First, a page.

My abstract (the title is as above and indeed below) has been accepted for a forthcoming book project to be edited by Professor Yasue Kuwahara from Northern Kentucky University. Next step will be to research and write the chapter:
Hallyu as a Government Construct: The Korean Wave in the Context of Economic and Social Development
The rapid industrialization and modernization of Korea from the 1960s witnessed important, intricate and constantly changing relationships between the private and public sectors. Initially, the relationship was punitive in nature, although that changed as the market power of private sector firms – chaebol, principally – enabled them to escape from the clutches of the government. However, the Korean government has continued to work hard and mostly perspicaciously to continue to propel economic development in terms of both aggregate GDP growth and in enhancing the sophistication of production, the value added to goods and services and the increases in creativity and innovation. This was seen in the development of the online computer games industry, for example, which built upon existing strengths in education and the animation industry and developed them through extensive provision of government services and the agencies to administer them. This also included affecting public sentiment in a culturally-sensitive context by creating a competitive league for players of computer games and turning games-playing into a respectable potential career. The Korean Wave or Hallyu phenomenon is a further example of the involvement of the public sector in affecting economic and societal change in the country with a view to further elaboration of economic development. This had involved various methods of promoting the creative industry and fostering an atmosphere in which the talent involved performs on and off-stage in a wholesome manner and as definite representatives of Korea and Korean society: by doing this, the industry has been able to take advantage of multiplier effects integrating popular music not just with other creative industries (e.g. television, journalism) but also with tourism and the kind of soft power that is associated with the furthering of a variety of diplomatic and commercial objectives. This paper traces the development of the Korean Wave phenomenon against the background of the Korean government’s involvement with the private sector and its vision for future economic development. It contrasts the creativity of the Korean talent involved with the state-level developmental goals that it has become used to promote.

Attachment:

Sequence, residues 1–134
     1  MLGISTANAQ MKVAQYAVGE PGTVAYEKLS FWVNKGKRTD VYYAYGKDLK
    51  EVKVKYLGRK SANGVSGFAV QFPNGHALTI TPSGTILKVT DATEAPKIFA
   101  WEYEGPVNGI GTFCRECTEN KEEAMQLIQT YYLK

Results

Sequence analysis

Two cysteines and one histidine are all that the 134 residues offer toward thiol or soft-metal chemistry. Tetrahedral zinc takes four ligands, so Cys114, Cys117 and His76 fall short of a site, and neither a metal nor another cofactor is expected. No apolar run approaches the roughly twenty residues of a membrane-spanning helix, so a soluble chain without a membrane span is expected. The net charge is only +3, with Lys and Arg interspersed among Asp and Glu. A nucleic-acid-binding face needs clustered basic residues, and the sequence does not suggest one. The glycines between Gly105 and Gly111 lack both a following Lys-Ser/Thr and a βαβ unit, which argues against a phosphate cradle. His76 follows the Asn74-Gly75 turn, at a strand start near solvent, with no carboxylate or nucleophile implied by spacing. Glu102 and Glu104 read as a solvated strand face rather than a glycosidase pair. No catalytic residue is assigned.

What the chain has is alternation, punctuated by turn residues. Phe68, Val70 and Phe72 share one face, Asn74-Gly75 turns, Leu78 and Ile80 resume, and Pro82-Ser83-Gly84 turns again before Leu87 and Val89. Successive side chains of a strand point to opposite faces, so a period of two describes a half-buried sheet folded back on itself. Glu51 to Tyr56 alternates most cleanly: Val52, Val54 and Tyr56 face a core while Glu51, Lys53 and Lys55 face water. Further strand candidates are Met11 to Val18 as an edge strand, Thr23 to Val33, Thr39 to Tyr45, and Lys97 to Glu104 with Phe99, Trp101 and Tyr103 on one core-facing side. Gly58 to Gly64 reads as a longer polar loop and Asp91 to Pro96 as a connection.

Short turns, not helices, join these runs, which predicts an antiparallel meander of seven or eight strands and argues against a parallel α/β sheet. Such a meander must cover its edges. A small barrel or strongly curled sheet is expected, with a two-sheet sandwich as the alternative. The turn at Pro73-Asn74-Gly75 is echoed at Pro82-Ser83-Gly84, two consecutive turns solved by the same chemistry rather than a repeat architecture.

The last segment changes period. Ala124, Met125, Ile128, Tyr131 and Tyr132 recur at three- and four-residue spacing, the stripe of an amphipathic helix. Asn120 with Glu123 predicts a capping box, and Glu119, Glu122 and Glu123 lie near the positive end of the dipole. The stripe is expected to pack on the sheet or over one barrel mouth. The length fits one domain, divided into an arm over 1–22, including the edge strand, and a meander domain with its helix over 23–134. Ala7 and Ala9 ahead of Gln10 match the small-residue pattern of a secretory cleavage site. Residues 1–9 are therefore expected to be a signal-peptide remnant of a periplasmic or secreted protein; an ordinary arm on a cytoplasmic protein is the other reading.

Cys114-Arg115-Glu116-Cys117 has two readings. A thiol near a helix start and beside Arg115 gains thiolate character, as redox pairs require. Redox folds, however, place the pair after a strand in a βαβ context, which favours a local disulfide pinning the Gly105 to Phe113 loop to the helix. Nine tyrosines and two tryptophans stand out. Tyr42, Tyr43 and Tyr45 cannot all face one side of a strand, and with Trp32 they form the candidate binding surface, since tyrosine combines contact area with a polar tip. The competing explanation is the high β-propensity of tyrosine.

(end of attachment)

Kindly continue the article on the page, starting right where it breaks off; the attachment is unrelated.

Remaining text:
John Walsh, Shinawatra University, September 2012